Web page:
Airlines for America, the trade association for leading US passenger and cargo carriers, believes the Federal Aviation Administration hasn't met expectations is delivering the benefits of NextGen to airlines or their customers. "They've been working on NextGen for 10 years and spent $6 billion and they don't have anything to show for it," said Sharon Pinkerton, senior vice president for policy and regulatory affairs at A4A.
Airlines for America CEO Nicholas E. Calio writes that the FAA should immediately certify critical procedures and policies enabling the NextGen program to deliver benefits to the traveling public, the environment and the economy. NATCA NextGen Now Newsletter (7/28)
Airlines for America hosted a transportation industry reception with rail and trucking groups at the Democratic National Convention on Wednesday. "We need to raise awareness of airlines, not only of the great service, but of how much better things could be if we had a national airline policy," said Sean Kennedy, a senior vice president at A4A. The group also sent representatives to the Republican National Convention last week.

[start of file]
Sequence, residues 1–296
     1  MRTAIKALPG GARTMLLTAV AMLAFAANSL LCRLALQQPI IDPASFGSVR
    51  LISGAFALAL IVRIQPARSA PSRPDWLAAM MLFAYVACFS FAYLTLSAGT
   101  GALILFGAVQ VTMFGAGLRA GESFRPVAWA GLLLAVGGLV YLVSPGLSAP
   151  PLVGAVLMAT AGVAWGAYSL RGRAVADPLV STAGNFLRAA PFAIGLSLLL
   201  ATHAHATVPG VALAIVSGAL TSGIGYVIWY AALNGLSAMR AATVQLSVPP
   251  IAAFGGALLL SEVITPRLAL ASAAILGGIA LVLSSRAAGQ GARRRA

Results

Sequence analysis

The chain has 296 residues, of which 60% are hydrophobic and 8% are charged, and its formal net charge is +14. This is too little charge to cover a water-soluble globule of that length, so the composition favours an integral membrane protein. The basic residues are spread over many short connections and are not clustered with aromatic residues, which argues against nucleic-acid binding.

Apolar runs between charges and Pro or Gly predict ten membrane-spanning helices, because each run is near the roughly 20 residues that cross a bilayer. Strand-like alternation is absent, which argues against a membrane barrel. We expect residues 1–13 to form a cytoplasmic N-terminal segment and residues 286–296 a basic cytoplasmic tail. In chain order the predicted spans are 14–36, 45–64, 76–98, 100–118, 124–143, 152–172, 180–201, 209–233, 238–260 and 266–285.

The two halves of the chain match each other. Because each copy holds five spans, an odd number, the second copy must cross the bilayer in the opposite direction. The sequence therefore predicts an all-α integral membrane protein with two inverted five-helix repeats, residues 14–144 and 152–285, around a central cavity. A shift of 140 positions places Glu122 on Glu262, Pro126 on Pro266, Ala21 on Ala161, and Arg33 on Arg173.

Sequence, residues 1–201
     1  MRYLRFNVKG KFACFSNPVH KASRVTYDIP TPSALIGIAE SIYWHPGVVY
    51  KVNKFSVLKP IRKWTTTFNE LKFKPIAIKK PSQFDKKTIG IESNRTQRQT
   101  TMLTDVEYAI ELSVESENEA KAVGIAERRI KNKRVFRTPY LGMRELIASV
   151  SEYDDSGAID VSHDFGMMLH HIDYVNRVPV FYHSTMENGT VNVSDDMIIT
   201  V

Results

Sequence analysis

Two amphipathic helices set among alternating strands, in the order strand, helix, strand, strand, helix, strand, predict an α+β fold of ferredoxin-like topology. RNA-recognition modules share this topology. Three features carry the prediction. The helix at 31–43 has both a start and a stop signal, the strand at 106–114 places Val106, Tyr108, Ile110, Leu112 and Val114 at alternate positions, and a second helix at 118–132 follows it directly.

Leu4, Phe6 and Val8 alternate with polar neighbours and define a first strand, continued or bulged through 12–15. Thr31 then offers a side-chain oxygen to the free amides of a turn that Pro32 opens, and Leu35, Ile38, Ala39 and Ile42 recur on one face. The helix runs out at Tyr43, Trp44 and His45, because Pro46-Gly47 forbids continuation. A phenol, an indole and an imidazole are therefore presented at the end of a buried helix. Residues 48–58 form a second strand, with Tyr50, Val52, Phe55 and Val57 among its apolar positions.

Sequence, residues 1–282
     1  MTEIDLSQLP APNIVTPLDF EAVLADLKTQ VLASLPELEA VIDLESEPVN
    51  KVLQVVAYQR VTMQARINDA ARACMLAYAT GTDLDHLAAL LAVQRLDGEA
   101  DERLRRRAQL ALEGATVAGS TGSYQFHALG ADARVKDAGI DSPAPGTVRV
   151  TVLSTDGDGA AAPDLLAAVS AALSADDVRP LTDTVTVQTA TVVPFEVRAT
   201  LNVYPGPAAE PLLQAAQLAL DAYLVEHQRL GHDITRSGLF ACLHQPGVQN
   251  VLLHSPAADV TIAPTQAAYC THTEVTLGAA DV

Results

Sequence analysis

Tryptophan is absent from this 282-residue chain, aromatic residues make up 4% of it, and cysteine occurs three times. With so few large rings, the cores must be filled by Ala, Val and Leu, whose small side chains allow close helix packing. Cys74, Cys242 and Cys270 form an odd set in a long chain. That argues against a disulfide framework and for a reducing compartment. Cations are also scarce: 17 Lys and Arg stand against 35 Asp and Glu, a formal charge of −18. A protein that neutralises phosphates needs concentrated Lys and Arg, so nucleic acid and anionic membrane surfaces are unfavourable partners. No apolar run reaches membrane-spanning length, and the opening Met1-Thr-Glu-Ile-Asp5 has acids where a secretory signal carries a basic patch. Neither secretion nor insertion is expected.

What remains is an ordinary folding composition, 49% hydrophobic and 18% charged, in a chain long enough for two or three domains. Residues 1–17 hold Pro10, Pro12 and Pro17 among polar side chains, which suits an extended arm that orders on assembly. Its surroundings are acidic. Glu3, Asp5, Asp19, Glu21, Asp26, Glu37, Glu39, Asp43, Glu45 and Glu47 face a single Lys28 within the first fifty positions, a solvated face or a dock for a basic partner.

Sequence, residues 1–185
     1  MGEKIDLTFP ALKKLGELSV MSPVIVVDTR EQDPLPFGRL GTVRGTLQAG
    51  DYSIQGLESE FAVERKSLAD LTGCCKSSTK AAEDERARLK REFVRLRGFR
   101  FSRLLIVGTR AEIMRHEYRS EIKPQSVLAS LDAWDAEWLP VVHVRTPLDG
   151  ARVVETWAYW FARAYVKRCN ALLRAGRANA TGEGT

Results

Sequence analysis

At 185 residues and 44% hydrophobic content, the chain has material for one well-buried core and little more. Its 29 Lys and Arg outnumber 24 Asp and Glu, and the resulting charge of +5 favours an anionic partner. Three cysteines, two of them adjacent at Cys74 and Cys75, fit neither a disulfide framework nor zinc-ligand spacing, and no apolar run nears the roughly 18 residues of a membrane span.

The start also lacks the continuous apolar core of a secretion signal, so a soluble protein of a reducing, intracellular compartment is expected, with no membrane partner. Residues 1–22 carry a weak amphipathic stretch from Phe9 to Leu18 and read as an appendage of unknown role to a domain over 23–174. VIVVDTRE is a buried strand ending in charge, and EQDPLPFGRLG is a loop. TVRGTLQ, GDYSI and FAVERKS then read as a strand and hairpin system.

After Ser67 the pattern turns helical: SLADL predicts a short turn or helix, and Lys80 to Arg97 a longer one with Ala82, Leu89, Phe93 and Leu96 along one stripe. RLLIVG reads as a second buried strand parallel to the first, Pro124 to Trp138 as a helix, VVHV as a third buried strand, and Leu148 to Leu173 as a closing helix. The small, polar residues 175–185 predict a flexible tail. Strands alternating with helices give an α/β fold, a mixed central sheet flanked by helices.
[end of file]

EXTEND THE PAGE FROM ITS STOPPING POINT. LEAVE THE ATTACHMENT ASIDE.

The aviation industry's reliance on GPS will increase with the advent of NextGen. However, the weakness of GPS signals leaves them vulnerable to interference and jamming. Although jammers are illegal in the U.S. and U.K., they can be purchased over the Internet.
The Federal Aviation Administration Modernization and Reform Act of 2012 will upgrade the current radar system for air-traffic control to NextGen. The radar system often creates indirect flight paths because the aircraft need to fly within tracking distance of control towers. NextGen relies on satellite-based GPS for tracking.